Facing a sharp turn to the left or right, political observers criticize presidential debates as ‘pointless’

Jan 21, 2021 | 9 comments

Andrés Arauz

At the midway point, Ecuador’s 2021 presidential campaign is being panned by political analysts. In particular, they say that the debates of the last two weekends offered voters little useful information for making a decision on election day, February 7.

“The next president will make a sharp turn to the political right or left and most voters have no idea what this means for them personally,” says political commentator Miguel Macías Cargminiani. “The format of the debates was tightly controlled by the election commission and candidates were responding to pointless questions that produced pointless answers. It is understandable that 25 percent of voters say they are either undecided or will vote for none of the candidates.”

Guillermo Lasso

One of the problems with the debates, says Cargminiani, is that they featured 16 candidates when the election is really a two-man race. “This is about Andrés Arauz and whether we return to the Correiasta model of big government, higher taxes and more spending or if go with Guillermo Lasso and smaller government, tax cuts and reduced regulation,” he says. “Of course, you have to include all the candidates in the debates but this distracts from the real choice facing voters.”

Political scientist professor Rebeca Morla agrees with Cargminiani. “The debates obscured the big story, which is the contrast between Lasso and Arauz. The headlines from the debates were that Lasso refused to shake hands with two of his opponents and that [Giovanny] Andrade may or may not have been drugged with scopolamine,” she says, asking, “Who cares?”

Like almost all observers, Morla says no candidate will receive the 50 percent of the vote necessary to win outright on February 7. “The latest polls show Arauz moving even or ahead of Lasso but all indications are that it will be a close race,” she says. “Although few of the other candidates, except [Yaku] Perez, will get more than two percent, they will take enough of it to force the runoff.”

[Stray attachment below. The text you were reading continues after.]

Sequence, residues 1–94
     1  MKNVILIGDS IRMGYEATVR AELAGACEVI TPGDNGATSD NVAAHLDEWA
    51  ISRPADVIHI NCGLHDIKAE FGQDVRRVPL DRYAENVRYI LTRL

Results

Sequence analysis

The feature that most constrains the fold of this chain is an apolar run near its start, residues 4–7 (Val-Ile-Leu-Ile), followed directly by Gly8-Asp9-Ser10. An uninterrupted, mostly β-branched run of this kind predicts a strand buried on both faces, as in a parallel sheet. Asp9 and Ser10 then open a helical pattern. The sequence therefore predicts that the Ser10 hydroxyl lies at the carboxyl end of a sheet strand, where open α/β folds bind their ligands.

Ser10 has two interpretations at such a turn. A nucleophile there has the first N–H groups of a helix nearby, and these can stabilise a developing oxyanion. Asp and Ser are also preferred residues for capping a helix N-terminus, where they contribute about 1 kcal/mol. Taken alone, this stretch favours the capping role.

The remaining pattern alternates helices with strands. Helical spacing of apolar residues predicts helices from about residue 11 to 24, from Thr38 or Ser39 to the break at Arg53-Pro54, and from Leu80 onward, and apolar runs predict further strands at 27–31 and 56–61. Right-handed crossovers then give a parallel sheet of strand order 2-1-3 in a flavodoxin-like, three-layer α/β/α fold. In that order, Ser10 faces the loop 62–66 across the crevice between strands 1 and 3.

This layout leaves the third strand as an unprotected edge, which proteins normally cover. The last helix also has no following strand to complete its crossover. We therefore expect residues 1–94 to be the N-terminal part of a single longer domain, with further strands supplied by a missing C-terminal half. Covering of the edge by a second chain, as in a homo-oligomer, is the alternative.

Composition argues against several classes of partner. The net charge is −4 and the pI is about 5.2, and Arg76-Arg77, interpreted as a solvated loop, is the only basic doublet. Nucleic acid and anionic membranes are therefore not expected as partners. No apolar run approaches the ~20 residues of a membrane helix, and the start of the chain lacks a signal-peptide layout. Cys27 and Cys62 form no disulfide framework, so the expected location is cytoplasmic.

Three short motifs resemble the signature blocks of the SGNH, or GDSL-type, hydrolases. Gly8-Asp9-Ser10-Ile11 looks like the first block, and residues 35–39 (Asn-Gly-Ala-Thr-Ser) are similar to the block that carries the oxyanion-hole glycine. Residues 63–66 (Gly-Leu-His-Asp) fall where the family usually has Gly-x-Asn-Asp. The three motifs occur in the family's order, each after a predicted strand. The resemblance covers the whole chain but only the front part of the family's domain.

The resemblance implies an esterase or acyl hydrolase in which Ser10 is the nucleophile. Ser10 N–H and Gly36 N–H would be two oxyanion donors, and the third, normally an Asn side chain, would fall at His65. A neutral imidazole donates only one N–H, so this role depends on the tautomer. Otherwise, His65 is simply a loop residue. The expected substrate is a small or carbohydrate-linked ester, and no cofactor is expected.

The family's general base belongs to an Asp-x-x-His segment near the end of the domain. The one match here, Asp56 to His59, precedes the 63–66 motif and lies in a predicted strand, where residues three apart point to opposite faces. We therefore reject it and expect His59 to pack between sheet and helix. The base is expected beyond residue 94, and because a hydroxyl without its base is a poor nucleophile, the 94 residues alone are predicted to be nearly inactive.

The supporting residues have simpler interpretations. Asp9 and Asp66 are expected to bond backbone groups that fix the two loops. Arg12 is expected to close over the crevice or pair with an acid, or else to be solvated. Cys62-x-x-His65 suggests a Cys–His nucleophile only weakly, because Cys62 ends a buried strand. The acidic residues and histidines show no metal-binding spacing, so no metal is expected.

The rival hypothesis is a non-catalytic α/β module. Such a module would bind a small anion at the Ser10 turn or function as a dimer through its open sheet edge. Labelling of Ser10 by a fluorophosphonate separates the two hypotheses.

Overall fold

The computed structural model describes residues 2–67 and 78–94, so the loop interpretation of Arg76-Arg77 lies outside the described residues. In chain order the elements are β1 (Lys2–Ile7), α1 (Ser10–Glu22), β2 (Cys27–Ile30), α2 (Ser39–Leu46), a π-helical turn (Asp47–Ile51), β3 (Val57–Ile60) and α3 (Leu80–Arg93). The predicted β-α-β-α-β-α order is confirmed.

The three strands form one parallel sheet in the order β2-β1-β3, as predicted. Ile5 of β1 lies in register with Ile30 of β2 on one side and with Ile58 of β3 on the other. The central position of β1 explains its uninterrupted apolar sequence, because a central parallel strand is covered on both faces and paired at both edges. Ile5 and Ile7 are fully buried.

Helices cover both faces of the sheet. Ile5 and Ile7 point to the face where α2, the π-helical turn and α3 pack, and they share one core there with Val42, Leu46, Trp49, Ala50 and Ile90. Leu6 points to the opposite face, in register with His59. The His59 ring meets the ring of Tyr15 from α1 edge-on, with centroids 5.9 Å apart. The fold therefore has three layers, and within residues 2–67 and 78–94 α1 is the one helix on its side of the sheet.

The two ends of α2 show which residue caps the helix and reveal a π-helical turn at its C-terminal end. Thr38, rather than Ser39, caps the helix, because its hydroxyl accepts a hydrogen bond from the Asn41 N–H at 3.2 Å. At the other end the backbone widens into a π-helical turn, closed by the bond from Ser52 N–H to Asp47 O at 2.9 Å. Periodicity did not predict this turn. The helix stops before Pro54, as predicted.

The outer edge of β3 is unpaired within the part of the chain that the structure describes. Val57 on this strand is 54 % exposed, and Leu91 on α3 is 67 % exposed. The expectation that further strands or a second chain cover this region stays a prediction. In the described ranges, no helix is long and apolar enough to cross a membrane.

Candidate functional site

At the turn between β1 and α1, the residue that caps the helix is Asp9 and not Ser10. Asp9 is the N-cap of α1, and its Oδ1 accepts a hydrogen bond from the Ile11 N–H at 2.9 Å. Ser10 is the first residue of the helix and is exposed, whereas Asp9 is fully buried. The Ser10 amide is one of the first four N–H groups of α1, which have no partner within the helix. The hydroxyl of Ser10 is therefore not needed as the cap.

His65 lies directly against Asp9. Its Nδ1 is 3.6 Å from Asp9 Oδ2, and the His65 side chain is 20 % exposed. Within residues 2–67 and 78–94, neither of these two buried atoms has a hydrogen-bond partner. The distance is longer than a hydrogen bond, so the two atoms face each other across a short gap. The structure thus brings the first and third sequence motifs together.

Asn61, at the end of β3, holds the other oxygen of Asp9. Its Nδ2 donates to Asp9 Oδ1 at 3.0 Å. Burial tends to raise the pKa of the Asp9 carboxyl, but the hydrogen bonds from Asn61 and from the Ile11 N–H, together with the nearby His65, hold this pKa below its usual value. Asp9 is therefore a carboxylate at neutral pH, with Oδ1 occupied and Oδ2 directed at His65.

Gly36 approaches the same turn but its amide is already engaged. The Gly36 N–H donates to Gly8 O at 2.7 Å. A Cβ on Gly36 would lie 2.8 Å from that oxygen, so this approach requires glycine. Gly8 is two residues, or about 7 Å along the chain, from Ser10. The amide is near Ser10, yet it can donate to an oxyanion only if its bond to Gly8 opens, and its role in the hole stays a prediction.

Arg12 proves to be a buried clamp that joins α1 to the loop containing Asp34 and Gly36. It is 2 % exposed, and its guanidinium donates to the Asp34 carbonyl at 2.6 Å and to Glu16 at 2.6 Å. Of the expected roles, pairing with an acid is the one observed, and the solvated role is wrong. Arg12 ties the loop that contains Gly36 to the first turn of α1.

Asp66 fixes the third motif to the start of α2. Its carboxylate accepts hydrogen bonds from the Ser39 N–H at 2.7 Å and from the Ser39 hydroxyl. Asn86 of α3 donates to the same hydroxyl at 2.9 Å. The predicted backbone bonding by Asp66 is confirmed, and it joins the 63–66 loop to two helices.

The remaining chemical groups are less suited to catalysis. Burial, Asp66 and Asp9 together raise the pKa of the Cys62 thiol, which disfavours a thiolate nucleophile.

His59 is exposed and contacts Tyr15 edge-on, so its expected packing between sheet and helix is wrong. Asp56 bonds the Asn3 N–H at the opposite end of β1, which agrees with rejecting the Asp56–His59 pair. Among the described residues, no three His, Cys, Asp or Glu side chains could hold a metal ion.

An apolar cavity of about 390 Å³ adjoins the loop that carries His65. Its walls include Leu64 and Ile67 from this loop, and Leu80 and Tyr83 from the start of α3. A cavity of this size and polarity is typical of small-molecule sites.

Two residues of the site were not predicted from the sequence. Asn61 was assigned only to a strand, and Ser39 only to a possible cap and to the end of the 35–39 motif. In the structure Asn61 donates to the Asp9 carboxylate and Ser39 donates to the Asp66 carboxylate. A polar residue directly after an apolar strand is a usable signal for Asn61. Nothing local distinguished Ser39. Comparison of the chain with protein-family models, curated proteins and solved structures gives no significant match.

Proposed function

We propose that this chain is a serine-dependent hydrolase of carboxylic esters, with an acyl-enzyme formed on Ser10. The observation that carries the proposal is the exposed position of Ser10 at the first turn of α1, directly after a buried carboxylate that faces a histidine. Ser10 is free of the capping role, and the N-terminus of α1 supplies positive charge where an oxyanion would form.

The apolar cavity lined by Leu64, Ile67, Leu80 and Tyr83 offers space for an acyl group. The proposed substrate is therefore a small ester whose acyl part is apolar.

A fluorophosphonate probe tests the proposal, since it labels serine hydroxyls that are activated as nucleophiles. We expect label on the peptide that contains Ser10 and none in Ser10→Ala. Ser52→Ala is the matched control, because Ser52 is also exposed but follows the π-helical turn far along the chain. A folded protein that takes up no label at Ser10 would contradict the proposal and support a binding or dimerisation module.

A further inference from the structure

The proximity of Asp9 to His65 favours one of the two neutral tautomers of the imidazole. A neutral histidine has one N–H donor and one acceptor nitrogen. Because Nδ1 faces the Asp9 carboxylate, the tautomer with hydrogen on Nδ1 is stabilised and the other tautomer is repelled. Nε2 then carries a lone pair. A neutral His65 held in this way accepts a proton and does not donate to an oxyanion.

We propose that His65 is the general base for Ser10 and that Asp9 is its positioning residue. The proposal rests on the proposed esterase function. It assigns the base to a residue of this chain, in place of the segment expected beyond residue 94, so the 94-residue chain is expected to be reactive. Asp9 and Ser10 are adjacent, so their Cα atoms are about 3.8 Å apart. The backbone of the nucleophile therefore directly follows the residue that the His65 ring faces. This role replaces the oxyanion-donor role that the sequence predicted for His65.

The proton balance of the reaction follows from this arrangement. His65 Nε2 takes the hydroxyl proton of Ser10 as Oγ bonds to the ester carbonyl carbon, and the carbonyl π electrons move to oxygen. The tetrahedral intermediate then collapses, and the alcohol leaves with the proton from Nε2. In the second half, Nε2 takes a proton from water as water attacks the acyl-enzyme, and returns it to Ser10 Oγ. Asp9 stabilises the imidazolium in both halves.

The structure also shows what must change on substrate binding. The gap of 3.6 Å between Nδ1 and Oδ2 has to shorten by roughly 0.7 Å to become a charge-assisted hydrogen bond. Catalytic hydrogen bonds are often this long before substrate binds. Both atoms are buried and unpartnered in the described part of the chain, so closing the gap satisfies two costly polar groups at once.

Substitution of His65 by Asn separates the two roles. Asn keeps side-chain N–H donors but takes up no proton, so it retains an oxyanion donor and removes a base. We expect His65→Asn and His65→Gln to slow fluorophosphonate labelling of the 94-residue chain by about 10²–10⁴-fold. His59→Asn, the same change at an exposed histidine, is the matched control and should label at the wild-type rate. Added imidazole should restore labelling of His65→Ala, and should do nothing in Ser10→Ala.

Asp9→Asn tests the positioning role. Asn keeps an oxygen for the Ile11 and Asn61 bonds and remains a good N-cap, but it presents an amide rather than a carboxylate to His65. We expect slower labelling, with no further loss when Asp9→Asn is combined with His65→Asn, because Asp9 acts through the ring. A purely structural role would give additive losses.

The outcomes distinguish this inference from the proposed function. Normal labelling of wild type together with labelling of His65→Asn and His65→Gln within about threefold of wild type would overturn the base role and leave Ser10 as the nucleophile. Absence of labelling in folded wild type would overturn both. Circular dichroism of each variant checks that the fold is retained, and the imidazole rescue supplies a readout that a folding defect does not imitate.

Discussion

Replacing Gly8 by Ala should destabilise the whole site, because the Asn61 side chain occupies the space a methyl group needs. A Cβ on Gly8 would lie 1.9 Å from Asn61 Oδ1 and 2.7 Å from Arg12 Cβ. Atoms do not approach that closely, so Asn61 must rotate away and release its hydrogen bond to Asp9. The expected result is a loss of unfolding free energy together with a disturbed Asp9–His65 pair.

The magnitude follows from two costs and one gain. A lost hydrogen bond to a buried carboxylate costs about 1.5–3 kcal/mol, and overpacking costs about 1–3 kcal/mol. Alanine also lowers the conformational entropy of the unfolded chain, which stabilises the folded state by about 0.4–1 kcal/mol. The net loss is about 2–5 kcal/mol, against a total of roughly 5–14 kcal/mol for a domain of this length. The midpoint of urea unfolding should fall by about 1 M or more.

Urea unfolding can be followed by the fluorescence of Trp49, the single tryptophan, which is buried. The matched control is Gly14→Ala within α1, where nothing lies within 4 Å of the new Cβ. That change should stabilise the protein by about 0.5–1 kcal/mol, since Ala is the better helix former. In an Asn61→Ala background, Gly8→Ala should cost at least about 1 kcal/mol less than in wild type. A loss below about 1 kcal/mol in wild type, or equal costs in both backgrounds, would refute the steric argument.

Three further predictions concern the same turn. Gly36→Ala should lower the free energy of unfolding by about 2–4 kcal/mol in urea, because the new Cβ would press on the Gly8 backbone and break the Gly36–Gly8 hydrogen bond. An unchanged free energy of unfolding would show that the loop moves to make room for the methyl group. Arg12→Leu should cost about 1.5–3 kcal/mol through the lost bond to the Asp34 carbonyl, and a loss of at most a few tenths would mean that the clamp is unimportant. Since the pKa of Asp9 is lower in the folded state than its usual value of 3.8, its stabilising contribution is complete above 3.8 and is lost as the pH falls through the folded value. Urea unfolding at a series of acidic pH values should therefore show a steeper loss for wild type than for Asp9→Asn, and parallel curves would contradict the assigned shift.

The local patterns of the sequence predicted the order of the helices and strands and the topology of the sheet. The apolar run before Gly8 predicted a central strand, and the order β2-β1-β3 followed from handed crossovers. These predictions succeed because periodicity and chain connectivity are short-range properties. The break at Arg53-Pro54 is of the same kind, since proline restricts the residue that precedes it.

Morla says Perez, the indigenous candidate from Cuenca, could play a significant role in the election. “It is very doubtful that he will make the runoff but he could play kingmaker as the candidate with the third most support. He is a leftist, like Arauz, but he and most of the indigenous movement hate the Correistas so much they may swing their support to Lasso in a runoff.”

Former government consultant Pablo Pardo agrees that the race is between Lasso and Arauz and will result in a sharp right or left turn in some national policies but he says there is serious doubt about the extent of changes the winning candidate can make. “No one wants to admit it but there is no money to restart the Correista programs that Arauz proposes or to establish the big employment program that Lasso wants,” he says. “Both candidates seem to think there is untapped money out there and this simply isn’t the case. Despite the ideology, I see the next government performing caretaker duties as the economy slowly recovers from the pandemic.”

Another problem for implementing the winning candidate’s plans is the National Assembly. “Neither Lasso or Arauz will have a majority in the Assembly, which will be divided among as many as a dozen political movements and the winner will face huge problems getting legislation passed,” Pardo says. “There will be no super majority like Correa had.”

Both Morla and Cargminiani say the pandemic is getting far too little attention in the campagin. “It is the elephant in the room but all the candidates in the debate seemed to think it would end soon and we’ll go back to normal,” Cargminiani says. “They also don’t admit that it has practically bankrupted the country. We are in a deep, deep economic hole that it will take years to get out of.”